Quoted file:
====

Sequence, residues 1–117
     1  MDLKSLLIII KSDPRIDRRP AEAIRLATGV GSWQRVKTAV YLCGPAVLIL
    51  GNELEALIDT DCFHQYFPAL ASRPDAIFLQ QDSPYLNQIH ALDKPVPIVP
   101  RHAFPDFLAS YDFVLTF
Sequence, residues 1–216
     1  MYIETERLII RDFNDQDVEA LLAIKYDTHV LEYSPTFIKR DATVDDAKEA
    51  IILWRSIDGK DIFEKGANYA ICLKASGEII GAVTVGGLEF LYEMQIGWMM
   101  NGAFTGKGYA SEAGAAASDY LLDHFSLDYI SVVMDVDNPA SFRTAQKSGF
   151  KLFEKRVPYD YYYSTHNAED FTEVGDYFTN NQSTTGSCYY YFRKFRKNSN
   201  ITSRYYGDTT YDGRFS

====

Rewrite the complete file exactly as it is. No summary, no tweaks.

Sequence, residues 1–117
     1  MDLKSLLIII KSDPRIDRRP AEAIRLATGV GSWQRVKTAV YLCGPAVLIL
    51  GNELEALIDT DCFHQYFPAL ASRPDAIFLQ QDSPYLNQIH ALDKPVPIVP
   101  RHAFPDFLAS YDFVLTF
Sequence, residues 1–216
     1  MYIETERLII RDFNDQDVEA LLAIKYDTHV LEYSPTFIKR DATVDDAKEA
    51  IILWRSIDGK DIFEKGANYA ICLKASGEII GAVTVGGLEF LYEMQIGWMM
   101  NGAFTGKGYA SEAGAAASDY LLDHFSLDYI SVVMDVDNPA SFRTAQKSGF
   151  KLFEKRVPYD YYYSTHNAED FTEVGDYFTN NQSTTGSCYY YFRKFRKNSN
   201  ITSRYYGDTT YDGRFS